Issue 69, Spring 1977
My shrink has an office in a walk-up above a pizza parlor. He’s new in the business, and since he has very few patients as yet, and sometimes hours between appointments, he works part-time as a pizza chef. I didn’t know that till one day I was early for my appointment and, famished, stopped in for a slice. There he was, distributing pepperoni, sausage, and mushrooms on a large pie, delicately dropping each morsel onto the cheese as if he were adding paints to the portrait of someone dear. Indeed, he kept looking at his customer with searching eyes, periodically making corrections in the sausage configuration.
He didn’t give any indication that he recognized me, but when I ordered a slice with extra cheese, he gave me a calzone instead, saying, “Isn’t this what I hear you asking for?” I took it and began eating. He pointed gently to the “Please Pay When Served” sign.
My shrink wasn’t always a shrink. He was an interior decorator for twelve years. “Actually, I still am, only I now deal with smaller rooms,” he kidded one afternoon as I jumped the cables in his car after he’d called to tell me he was stuck on the road: “I need your help to get to the office to give you help,” he’d said.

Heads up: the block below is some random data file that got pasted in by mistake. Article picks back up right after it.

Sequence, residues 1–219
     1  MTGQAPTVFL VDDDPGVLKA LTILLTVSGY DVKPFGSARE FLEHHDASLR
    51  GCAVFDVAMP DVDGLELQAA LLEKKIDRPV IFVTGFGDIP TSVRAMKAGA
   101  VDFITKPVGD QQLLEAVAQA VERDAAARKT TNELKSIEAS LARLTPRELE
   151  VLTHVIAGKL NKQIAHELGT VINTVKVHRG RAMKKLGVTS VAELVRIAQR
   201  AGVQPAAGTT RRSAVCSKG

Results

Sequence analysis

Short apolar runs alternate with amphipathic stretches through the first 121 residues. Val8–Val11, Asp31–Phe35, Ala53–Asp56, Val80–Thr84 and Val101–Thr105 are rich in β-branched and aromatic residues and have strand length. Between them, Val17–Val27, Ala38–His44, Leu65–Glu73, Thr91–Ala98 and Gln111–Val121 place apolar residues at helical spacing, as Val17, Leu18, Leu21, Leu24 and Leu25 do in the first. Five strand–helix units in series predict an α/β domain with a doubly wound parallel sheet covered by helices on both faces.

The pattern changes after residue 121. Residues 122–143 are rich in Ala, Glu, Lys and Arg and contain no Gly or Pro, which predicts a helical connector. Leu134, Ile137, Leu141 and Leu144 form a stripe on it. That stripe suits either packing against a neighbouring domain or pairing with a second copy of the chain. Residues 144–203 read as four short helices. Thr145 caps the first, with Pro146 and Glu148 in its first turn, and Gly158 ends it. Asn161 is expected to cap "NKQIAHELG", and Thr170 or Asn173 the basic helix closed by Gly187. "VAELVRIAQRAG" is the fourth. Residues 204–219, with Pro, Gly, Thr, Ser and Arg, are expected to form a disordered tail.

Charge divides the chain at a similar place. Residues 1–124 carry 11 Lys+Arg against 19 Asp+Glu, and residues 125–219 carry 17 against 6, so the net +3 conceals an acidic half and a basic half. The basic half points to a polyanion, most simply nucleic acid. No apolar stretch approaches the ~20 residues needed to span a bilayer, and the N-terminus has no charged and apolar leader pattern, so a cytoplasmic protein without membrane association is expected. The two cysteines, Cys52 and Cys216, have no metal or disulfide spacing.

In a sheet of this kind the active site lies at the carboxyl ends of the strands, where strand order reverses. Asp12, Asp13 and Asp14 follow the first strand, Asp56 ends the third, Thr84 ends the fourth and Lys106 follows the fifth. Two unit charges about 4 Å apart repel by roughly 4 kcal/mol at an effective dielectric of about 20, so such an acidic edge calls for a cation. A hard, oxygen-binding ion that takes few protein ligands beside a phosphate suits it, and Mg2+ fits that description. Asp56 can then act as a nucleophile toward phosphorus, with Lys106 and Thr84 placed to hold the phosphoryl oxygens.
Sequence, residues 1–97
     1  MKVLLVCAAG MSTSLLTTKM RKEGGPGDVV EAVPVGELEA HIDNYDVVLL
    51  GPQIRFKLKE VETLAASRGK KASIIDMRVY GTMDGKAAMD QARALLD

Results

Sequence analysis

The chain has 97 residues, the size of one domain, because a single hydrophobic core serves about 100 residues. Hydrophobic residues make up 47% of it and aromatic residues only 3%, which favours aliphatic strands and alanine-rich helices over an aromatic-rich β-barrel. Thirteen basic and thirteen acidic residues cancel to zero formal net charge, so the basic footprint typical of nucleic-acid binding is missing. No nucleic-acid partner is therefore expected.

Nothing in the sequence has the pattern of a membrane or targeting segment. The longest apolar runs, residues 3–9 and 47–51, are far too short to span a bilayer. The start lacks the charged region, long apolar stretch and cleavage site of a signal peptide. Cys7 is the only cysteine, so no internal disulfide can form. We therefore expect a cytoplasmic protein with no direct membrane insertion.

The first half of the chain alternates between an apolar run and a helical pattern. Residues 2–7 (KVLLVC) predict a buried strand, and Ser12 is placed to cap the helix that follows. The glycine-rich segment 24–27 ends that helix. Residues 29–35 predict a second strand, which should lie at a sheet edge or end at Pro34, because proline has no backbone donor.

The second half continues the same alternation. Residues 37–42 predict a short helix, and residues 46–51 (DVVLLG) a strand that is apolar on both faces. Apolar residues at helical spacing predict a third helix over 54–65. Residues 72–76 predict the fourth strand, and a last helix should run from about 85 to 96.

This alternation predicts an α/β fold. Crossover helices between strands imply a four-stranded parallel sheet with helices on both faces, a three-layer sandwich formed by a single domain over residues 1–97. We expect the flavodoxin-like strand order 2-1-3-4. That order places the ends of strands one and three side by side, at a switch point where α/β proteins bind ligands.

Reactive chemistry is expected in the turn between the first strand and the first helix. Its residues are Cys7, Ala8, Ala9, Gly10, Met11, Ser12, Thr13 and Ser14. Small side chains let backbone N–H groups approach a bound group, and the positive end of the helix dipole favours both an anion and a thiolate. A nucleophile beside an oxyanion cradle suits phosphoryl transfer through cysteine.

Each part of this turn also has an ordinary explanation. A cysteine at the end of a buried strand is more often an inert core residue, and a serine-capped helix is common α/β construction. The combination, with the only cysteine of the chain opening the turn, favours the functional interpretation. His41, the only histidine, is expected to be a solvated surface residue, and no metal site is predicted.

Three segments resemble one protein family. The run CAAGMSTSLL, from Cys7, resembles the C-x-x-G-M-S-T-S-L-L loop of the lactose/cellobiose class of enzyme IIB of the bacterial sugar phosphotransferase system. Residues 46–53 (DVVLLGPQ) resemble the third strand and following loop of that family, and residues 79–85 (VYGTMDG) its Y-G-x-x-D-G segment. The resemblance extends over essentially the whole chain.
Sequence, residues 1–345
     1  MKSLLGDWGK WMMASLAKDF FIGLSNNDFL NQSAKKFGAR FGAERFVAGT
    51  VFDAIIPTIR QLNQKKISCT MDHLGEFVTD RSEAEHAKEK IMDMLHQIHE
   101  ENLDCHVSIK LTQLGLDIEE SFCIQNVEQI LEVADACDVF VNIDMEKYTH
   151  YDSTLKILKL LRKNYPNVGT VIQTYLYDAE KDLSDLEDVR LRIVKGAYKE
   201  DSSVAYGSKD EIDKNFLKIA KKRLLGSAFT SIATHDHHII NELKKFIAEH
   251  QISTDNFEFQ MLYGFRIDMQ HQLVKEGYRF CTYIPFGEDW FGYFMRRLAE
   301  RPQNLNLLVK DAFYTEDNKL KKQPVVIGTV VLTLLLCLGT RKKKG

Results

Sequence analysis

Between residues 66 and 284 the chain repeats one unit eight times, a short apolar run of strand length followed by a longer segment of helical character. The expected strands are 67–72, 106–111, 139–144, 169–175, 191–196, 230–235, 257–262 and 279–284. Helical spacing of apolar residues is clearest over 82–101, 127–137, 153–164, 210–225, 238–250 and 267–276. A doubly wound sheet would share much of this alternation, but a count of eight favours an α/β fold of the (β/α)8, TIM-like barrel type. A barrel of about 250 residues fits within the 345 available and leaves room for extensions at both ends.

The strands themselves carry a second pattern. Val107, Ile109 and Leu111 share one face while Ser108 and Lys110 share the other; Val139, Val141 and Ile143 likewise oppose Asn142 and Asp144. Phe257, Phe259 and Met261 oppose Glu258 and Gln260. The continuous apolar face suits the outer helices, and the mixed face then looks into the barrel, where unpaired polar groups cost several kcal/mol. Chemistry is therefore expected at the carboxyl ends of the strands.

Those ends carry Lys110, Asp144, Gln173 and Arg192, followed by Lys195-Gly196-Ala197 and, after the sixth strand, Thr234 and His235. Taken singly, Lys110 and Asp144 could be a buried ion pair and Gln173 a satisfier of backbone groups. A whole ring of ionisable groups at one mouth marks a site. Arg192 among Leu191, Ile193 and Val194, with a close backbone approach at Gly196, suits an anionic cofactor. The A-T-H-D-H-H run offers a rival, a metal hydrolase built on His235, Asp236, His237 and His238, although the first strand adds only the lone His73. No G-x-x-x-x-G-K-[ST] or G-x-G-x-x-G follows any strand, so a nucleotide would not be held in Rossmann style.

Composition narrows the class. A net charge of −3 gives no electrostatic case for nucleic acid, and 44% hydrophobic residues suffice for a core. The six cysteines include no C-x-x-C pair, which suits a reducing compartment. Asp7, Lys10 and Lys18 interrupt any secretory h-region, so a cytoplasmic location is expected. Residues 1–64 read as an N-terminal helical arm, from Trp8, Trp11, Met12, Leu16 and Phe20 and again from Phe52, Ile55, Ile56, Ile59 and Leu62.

He decided to become a shrink partly because he liked listening to people, but also because in his own therapy he had realized that he’d missed a lot of fun when he was a student. So he wanted a reason to go back to school. “And now, I’m out again, which shows that you can go back, but unless you keep getting research grants you can’t stay very long.” He was a legendary interior decorator, according to the friend who referred me to him. The people would often change as much as their apartments. “You’re not comfortable looking chic,” he might say. “Try some early American.” And before he could finish with their rooms, they would be out buying a farm.
The phone rang in the middle of one of our sessions. He answered, then silence. Whoever was talking to him was affecting him deeply. “I understand,” he said. “I’ll be there as soon as possible.”
He asked me if we could reschedule my session. “An emergency came up.” I was never one to deny someone emergency help, so I said sure. He thanked me and changed into a white T shirt and apron.